I’m referring to Harry Potter, although I do like several of the other well know Harrys..the Prince, Belfonte and Houdini. As in real life, I am often late to the party and resistant to embracing books of fantasy fiction. I’ve long been out of the young adult reader category but as with everything else available to us in our worlds, things come to us when they need to. Harry Potter arrived on my nightstand, along with the six other volumes a few weeks ago. I am just about through the second novel and there’s pretty much no stopping me now to complete the set.
It wasn’t that I didn’t know of his existence. It was just when he arrived on the scene twenty years ago, I was busy being a grown up full time with occasional moments of childhood pushing through to the front. I was a parent who “bought the books” for my then 11 year old youngest son. Recently, he said to me that Harry Potter changed his life and opened his eyes and world to reading. I decided that I needed to understand the magic behind the phenomenon. I remember that my mother, who was a reader as well, had read at least the first book, and she referenced “wanting an owl”. At the time I didn’t realize what that meant. I was in a time in my life that I wasn’t paying as much attention to the details around me, but more the broad strokes.
Allowing myself to slip into the world of Hogwarts, was both comforting and comfortable. I knew enough about him to have referenced the space under the stairs of the first house my FHB and I owned together as a “Harry Potter room”. Harry, when I now come to know him, becomes somewhat of a parallel person to my youngest son and makes me remember what being 11 might have been like for him, as well as a difficult time in my own growing up.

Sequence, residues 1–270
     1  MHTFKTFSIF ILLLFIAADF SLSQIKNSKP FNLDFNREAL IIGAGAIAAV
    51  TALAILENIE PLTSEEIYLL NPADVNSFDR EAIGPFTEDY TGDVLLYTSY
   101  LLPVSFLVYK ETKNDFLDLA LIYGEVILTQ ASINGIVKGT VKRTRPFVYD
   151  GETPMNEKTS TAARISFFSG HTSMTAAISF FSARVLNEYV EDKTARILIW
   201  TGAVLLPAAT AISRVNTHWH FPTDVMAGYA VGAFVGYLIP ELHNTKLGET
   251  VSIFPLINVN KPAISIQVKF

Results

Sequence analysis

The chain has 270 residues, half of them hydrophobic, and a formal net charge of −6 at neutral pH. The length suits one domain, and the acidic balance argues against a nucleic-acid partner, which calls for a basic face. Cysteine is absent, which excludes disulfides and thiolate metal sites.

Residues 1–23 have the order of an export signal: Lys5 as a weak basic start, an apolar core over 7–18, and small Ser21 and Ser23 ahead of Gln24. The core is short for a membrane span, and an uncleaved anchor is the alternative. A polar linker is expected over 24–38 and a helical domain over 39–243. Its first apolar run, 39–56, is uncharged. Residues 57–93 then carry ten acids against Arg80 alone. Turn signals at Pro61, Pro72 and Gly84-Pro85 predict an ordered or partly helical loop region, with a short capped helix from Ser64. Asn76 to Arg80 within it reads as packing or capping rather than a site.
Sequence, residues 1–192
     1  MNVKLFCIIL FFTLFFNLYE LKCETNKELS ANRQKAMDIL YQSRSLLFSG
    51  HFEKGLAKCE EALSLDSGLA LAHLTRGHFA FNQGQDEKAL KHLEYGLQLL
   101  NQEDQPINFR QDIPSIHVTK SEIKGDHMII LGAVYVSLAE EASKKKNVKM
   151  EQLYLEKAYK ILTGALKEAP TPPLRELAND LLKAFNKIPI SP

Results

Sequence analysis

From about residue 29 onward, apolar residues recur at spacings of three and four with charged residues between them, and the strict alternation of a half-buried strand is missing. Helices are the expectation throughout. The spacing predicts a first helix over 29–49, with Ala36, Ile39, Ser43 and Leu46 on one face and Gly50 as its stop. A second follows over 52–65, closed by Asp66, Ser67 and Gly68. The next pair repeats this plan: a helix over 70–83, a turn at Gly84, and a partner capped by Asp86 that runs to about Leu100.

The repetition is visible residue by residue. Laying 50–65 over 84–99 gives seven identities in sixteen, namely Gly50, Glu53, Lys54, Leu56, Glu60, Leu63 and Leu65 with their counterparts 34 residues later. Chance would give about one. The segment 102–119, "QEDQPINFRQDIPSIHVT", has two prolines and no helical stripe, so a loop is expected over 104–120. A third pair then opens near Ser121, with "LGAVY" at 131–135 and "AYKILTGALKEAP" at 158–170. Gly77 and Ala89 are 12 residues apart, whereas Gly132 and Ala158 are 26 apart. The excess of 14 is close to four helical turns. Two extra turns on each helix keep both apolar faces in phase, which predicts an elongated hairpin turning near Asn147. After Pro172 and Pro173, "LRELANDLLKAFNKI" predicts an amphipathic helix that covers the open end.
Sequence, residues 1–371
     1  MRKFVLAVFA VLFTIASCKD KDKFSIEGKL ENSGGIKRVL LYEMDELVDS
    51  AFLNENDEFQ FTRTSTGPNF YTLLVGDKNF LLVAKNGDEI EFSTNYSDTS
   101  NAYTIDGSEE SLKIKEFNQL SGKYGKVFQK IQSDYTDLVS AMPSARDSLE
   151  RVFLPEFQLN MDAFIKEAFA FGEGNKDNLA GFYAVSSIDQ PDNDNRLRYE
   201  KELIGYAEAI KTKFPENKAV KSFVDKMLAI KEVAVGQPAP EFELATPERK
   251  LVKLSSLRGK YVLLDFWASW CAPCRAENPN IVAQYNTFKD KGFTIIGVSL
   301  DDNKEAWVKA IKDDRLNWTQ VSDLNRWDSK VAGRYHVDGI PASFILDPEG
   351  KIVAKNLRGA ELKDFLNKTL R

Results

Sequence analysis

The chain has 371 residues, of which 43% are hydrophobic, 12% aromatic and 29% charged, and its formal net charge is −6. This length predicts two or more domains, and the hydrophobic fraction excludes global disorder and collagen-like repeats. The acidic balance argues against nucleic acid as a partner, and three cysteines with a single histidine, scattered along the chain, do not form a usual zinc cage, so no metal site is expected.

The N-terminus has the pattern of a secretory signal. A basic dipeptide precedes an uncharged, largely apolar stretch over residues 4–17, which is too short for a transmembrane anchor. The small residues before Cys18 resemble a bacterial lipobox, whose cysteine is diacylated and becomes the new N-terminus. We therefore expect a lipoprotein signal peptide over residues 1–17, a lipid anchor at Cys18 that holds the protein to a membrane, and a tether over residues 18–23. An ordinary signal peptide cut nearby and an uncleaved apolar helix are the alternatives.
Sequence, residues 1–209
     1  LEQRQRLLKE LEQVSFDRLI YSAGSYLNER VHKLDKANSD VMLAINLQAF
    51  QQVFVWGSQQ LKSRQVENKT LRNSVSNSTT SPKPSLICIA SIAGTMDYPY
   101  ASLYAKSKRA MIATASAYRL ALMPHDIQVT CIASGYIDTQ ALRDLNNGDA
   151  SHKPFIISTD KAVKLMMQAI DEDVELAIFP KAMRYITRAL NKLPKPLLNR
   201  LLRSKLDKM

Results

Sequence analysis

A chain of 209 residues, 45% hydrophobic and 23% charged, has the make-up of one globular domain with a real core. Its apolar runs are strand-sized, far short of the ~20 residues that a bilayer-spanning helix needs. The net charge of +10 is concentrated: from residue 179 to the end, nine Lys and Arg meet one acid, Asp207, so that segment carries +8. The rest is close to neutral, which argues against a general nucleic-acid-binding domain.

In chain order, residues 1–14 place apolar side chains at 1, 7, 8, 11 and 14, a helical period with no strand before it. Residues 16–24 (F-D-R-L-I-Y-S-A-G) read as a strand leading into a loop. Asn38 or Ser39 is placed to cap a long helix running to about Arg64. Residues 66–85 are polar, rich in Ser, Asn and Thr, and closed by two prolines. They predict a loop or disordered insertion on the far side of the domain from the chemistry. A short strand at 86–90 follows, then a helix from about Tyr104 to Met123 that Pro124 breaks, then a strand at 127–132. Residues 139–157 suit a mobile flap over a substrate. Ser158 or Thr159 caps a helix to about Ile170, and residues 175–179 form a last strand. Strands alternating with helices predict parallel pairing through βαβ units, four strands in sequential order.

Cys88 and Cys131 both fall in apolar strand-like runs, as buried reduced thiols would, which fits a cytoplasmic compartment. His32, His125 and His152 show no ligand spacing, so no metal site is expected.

Harry, the outsider, only somewhat aware of the world being different to him and for him, was a survivor who strived to connect with others. Harry’s adoptive family was abusive and cold and dismissive. He was a target of their disappointment of his differences from them. Despite this theme, he found his place in the world and others who were like minded, and found the world he had grown up in was not the world he had to live in.
I am asked to write letters of recommendation for some of the senior class students who are heading to college. There are some that come from an easier life, and others who lives are challenged from the start, and are often metaphors for the characters in Harry Potter. They all have their powers but they haven’t culled them or they are unaware of their potential. My own growing up was more economically stable than some of the students, but in terms of feeling out of step or place, or not feeling as connected to others as we hope, can reveal and remember where I was at that point in my development. I like that I can write those letters and see their magic.
For years, I have called my youngest son, “Harry” as a sign of affection. When each book was published, I made sure he would own it . I only now recognize the power of the books.
Harry is someone we can probably recognize, if not in ourselves, in someone we know. The world he lives in is the world we might live in, with the good guys and the bad guys and the struggle to distinguish them from one another. It is a universal tale. Sometimes it is good to go back in time to books written for young adults by adults who remember the struggles of growing up. It’s never to late to read a book whose time was meant for reading now, and not then. Several people have suggested I see the movies. I choose to rather read the words J.D. Rowling chose to tell a story of a wizard in training and I try and imagine which character I might be. Perhaps I am Hedwig the owl or perhaps Hedwig’s character is a voice from my own past, delivering a message. I would like to imagine it is.
Come with me to Privet Drive and find something unexpected.